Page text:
Gamers make best drone pilots, says new research

Playing video games really does turn young people into ace drone pilots, according to new research.

They outperformed qualified pilots as unmanned aircraft operators in a series of risky tasks.

The study follows calls by Reaper drone commander Air Marshal Greg Bagwell for the RAF to recruit “18 and 19 year olds straight out of the PlayStation bedroom.”

It pitted video game players (VGPs) against pilots, both private and professional, in a simulated civilian cargo flight to assess their accuracy, confidence and judgement.

Dr Jacqueline Wheatcroft said: “Understanding which potential supervisory group has the best skills to make the best decisions can help to improve UAS (Unmanned Aerial Systems) supervision.

“Overall, video game players were less overconfident in their decision judgements. The outcome supports the idea this group could be a useful resource in UAS operation.”

The researchers said their findings published in Cogent Psychology highlight the usefulness of video game players as drone pilots.

The move to automatic control has been a feature of aviation over the last 40 years. Drones, or UAS , have outpaced current training regimes resulting in a shortage of qualified pilots.

So Dr Wheatcroft, of the University of Liverpool, and colleagues explored the suitability of three potential UAS groups – private and professional pilots, and VGPs.

A total of 60 participants were asked to make 21 decision tasks in a series of tests which varied across three levels of danger and risk.

As danger increased levels of confidence, accuracy and the relationship between them fell.

The dangerousness of the decision also affected how confident participants were when choosing to intervene or rely on the automation.

Confidence was lower when the operator chose to intervene.

Professional pilots and VGPs exhibited the highest level of decision confidence, with VGPs maintaining the best judgement.

All groups showed higher levels of confidence in decisions controlled by the UAS in comparison to those where the operator manually intervened.

Dr Wheatcroft said: “It has been recognised that UASs, and in particular, those that have the capability to make certain high-order decisions independently can reduce life cycle cost and serve as a force multiplier within the military and civilian world.

“The success and growth in the use of automation and UASs does not eliminate humans from the system – instead it transforms the human role from operator to supervisor.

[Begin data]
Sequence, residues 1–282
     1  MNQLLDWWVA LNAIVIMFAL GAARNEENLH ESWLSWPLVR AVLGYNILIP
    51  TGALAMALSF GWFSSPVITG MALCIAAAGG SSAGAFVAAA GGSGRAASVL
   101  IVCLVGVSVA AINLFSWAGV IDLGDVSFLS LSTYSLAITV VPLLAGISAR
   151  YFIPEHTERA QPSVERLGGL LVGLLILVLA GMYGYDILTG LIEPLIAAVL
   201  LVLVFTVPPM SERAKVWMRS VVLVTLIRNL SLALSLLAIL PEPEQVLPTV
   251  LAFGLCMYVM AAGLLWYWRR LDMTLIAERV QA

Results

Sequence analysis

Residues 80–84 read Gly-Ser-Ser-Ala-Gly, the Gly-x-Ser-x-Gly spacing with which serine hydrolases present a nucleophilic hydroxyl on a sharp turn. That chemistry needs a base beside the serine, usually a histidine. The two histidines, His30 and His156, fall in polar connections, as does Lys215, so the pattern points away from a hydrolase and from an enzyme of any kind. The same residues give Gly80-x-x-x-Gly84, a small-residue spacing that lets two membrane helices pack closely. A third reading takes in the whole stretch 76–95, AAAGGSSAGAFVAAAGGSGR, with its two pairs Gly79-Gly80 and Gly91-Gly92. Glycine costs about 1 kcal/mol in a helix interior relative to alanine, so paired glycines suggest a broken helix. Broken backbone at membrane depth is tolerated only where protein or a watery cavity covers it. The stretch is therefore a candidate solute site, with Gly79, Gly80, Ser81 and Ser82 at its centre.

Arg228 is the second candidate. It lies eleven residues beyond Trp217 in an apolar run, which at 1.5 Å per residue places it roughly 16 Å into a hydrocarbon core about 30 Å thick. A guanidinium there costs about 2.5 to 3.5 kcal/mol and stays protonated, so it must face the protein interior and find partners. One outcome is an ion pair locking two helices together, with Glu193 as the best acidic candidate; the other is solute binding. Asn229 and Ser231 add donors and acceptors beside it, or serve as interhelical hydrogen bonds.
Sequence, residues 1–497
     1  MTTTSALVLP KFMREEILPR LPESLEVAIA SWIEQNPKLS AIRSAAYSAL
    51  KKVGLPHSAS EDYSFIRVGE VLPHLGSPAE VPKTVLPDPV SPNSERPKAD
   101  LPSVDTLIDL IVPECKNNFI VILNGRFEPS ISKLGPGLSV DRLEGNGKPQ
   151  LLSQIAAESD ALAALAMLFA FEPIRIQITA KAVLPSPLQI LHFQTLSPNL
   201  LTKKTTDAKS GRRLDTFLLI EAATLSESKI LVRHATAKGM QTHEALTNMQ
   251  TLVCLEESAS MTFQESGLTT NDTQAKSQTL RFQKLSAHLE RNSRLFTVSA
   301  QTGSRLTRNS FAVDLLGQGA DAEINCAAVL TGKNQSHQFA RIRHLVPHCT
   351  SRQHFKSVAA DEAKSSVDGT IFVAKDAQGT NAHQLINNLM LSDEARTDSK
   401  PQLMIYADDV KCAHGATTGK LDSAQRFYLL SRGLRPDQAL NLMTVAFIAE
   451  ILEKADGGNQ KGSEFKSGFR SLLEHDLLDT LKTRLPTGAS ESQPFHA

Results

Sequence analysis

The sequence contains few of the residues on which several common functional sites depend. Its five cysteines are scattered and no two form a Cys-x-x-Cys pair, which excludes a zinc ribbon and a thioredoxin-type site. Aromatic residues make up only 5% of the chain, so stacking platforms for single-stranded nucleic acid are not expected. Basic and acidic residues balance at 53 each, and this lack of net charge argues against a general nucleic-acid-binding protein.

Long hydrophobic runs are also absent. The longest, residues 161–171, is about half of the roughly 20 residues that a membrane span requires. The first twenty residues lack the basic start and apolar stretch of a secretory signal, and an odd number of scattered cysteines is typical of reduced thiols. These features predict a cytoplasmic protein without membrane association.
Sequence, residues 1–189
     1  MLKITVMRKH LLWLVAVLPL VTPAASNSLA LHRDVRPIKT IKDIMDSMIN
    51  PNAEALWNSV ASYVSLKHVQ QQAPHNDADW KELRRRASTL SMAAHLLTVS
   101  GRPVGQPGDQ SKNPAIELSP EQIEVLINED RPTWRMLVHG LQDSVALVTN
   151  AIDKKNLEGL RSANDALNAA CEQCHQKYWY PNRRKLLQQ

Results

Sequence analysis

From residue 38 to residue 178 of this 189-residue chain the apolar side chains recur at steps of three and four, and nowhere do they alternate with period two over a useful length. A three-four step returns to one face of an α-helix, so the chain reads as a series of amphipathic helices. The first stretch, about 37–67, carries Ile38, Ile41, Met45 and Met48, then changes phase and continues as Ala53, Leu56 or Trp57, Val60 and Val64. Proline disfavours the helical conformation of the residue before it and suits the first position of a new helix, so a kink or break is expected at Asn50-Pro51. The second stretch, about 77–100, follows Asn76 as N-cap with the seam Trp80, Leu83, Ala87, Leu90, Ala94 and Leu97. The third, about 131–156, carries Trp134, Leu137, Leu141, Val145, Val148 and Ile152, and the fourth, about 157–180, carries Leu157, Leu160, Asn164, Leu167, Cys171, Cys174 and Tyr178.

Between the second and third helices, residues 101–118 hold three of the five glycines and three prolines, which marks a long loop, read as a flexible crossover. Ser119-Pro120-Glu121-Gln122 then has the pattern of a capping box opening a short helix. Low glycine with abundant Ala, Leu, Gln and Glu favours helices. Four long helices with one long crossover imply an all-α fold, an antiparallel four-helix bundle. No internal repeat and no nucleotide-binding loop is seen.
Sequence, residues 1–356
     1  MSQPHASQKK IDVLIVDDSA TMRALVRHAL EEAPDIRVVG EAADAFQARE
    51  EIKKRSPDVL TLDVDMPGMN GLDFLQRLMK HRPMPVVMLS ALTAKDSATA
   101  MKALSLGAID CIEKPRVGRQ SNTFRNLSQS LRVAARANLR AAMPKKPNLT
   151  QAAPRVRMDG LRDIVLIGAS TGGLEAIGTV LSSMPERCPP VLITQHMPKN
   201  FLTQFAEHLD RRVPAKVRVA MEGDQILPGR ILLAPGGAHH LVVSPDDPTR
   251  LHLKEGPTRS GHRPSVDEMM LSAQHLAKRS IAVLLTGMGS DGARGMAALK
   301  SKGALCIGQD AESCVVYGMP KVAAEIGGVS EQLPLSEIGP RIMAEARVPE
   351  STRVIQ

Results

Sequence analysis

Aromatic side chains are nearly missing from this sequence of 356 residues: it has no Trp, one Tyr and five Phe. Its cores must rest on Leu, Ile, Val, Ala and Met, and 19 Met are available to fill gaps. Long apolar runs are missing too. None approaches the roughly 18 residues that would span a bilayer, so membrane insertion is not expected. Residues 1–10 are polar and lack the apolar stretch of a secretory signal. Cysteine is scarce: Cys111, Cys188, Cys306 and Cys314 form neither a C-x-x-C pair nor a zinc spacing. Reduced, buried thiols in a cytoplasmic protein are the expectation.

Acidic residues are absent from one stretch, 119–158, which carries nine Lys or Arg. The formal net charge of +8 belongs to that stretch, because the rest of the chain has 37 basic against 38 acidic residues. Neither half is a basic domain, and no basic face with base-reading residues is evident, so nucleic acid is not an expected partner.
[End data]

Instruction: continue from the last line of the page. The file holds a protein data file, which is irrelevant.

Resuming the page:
“Such transformation means that the workload of the human supervisor is not necessarily reduced but instead requires cognitive resource and skills to be applied across a different set of tasks.”

The study participants, mainly male, were divided into four groups of 15, including one that acted as a control, and in each task had to make at least one key decision, such as a rapid ascent or descent.

Dr Wheatcroft said: “Currently, a wide range of individuals can legally operate a UAS.

“These range from professional pilots (e.g. Royal Air Force) to enlisted men (e.g. US Marine Corps) to private individuals.”

But larger systems such as Predator/Reaper or Global Hawk require formal training courses in UAS operations, tactical and theatre operations, battlespace awareness, threats, weapons and sensors.

She added: “The findings here give ground to the idea that VGPs could be considered as a resource.

“VGPs exhibit some skills that may be required in successful UAS supervision, particularly as they are least likely to exhibit overconfidence in decision judgements.”

In December Air Marshal Bagwell, a former RAF deputy commander of operations who oversaw the use of Reapers in Syria, said teenage video game players may be best drilled for operating the weapons.

He revealed the psychological pressure on drone operators in the UK was such that some had quit due to mental stress or illness.

He said the law governing the use of drones needed to be recast due to advances in technology that would lead inexorably to the greater use of remote and autonomously operated weaponry.

Scientists have warned video game aces will wage wars of the future using killer robots.

The US is believed to have been targeting young men who are gaming wizards to train as drone pilots for years.


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